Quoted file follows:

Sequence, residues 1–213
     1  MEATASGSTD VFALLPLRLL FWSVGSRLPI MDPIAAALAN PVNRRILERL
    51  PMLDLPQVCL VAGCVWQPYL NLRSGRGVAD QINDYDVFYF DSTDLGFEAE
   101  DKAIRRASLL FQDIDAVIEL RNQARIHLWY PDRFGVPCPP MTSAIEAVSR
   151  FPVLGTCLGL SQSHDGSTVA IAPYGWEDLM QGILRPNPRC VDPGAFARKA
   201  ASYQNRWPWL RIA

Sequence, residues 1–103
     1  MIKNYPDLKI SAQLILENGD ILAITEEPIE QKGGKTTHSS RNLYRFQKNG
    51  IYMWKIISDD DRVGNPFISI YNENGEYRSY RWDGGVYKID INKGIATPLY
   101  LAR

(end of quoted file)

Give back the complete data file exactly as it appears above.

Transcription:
Sequence, residues 1–213
     1  MEATASGSTD VFALLPLRLL FWSVGSRLPI MDPIAAALAN PVNRRILERL
    51  PMLDLPQVCL VAGCVWQPYL NLRSGRGVAD QINDYDVFYF DSTDLGFEAE
   101  DKAIRRASLL FQDIDAVIEL RNQARIHLWY PDRFGVPCPP MTSAIEAVSR
   151  FPVLGTCLGL SQSHDGSTVA IAPYGWEDLM QGILRPNPRC VDPGAFARKA
   201  ASYQNRWPWL RIA

Sequence, residues 1–103
     1  MIKNYPDLKI SAQLILENGD ILAITEEPIE QKGGKTTHSS RNLYRFQKNG
    51  IYMWKIISDD DRVGNPFISI YNENGEYRSY RWDGGVYKID INKGIATPLY
   101  LAR